The Hidden Downsides Of Putting A Rug In Your Kitchen

Adding a rug to your kitchen floor has numerous benefits. For instance, it can provide insulation against cold tile, wood, or stone kitchen flooring, protecting your feet. It also adds a splash of color and an extra layer of cushioning that keeps your fragile china from breaking when you accidentally drop them. Moreover, a soft rug in the cooking area absorbs noise and brings relief to your back, especially if you stand for long durations while cooking delicious items. However, the pros don't cancel out the hidden downsides of putting a rug in your kitchen.

Rugs get dirty easily since they're a victim of spillage and experience heavy foot traffic on a daily basis. Add grease and unpleasant odor to the mix, and your otherwise clean kitchen will look and smell anything but. While the bare kitchen floor will get dirty, too, usually it'll be easier to clean than the carpets in your cooking space.

Reasons you shouldn't lay a rug in your kitchen

Carpets in the kitchen can be difficult to maintain and keep clean. Since they're always underfoot, are subject to spills, and provide a cozy space for your pets to roam about, they accrue food crumbs, dirt, dust, and pet hair over time; things that lead to bacteria and grime buildup. Some runners, made out of wool in particular, look dirty faster, which can cause other problems as well. An unsanitary kitchen can trigger your allergies and lead to other respiratory issues. Dirty rugs will also provide a breeding ground for insects. Thus, you'll have to constantly monitor the carpet and determine if it's clean enough.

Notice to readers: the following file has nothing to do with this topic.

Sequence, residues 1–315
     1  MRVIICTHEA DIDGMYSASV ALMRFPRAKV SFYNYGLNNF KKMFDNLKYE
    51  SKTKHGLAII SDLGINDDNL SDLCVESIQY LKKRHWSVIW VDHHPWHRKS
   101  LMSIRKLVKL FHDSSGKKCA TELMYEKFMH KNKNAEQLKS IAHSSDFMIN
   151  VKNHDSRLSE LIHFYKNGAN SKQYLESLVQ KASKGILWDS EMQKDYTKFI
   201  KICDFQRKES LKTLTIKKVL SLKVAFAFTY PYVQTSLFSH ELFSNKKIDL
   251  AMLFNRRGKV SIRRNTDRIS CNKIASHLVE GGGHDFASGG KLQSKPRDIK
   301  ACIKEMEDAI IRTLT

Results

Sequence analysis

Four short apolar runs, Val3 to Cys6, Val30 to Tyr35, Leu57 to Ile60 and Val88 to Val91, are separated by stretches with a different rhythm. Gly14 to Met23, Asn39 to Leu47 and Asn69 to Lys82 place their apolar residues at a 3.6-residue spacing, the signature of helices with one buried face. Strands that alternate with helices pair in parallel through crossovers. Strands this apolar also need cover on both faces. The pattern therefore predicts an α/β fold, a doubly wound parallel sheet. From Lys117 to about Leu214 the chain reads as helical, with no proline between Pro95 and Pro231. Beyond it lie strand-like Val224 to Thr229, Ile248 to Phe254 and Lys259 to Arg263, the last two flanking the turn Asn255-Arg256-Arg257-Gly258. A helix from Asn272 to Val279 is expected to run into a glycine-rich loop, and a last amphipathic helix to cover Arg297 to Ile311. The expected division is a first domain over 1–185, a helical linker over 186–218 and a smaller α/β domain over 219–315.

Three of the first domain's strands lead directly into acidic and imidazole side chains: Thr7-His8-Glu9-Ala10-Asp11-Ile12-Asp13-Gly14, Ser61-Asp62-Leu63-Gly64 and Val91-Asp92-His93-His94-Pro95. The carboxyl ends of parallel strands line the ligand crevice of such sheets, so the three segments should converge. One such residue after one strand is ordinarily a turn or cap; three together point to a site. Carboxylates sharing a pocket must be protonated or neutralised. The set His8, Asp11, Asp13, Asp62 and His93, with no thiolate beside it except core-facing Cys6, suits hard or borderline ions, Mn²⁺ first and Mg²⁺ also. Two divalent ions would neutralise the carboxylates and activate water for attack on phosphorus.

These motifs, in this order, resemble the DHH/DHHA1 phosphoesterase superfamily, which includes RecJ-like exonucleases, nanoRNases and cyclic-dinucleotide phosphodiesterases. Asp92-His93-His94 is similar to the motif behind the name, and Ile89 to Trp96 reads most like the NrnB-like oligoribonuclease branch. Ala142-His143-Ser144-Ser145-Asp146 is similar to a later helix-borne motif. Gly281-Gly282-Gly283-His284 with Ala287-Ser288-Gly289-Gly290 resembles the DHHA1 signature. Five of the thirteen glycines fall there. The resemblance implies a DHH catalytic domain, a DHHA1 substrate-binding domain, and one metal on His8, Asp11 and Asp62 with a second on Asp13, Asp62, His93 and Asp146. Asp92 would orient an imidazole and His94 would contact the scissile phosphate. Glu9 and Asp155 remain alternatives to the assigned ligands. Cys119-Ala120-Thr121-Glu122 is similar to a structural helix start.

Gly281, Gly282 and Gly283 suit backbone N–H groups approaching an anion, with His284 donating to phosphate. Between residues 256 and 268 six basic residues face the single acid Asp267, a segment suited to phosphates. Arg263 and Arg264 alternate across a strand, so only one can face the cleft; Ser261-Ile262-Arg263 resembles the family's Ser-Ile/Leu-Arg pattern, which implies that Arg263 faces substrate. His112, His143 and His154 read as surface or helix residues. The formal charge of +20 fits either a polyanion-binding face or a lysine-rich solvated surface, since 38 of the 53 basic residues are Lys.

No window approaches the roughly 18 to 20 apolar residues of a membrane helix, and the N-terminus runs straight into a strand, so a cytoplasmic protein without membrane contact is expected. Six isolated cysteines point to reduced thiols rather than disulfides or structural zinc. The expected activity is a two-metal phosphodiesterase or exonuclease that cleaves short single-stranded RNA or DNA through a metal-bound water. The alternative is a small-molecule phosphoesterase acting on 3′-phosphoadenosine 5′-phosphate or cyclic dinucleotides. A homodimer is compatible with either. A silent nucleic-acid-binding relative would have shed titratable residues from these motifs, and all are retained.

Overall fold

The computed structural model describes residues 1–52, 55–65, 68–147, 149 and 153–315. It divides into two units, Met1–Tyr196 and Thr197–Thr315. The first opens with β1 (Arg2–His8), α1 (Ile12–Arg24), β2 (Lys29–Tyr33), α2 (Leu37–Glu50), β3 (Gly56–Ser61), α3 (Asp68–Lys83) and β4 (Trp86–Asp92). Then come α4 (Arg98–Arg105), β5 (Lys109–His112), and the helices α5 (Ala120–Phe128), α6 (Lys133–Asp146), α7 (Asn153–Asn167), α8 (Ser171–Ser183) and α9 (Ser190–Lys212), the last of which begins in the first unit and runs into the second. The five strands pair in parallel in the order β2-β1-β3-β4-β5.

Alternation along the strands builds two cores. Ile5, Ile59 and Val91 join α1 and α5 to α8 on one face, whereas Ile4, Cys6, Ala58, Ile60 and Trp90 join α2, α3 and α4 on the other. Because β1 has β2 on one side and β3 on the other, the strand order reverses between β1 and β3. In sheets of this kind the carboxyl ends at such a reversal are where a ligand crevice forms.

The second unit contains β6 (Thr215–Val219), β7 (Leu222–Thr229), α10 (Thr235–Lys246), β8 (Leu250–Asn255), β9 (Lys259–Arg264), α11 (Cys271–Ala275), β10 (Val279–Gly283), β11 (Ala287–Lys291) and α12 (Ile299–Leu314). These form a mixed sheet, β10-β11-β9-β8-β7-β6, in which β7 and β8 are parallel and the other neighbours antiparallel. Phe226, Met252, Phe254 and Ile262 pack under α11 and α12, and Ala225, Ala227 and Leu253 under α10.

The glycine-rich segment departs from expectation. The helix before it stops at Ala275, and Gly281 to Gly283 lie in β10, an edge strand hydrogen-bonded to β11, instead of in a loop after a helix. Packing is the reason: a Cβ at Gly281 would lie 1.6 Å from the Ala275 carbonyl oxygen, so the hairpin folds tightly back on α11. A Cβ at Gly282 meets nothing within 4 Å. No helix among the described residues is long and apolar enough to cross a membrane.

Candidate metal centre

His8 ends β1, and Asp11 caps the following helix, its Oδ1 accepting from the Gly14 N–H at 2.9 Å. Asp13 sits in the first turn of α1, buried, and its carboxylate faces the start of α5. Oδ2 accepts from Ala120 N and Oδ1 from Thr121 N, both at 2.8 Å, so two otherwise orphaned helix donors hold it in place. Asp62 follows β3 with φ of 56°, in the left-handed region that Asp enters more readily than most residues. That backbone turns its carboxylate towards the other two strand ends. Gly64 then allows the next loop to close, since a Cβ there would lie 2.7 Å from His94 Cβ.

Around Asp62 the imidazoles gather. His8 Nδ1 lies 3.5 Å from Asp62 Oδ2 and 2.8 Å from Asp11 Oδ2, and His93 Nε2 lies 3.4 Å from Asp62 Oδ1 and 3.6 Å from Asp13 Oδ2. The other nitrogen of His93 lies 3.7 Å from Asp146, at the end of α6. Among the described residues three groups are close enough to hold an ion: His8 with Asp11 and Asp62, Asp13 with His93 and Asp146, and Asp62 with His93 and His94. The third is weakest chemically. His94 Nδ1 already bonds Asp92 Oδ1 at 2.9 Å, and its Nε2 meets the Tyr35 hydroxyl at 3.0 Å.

Further, you need to take care of spills immediately if you don't want them to stain your carpet or get absorbed in its fibers, leaving your kitchen smelling for days. For instance, if you accidentally spill milk onto the carpet, you'll have to get it out while it's wet to minimize the damage and your workload. Moreover, runners can be slippery if not adequately secured to the floor and are prone to wear and tear. Additionally, if your rug remains wet for long periods, it can begin dry rotting and might even attract mold.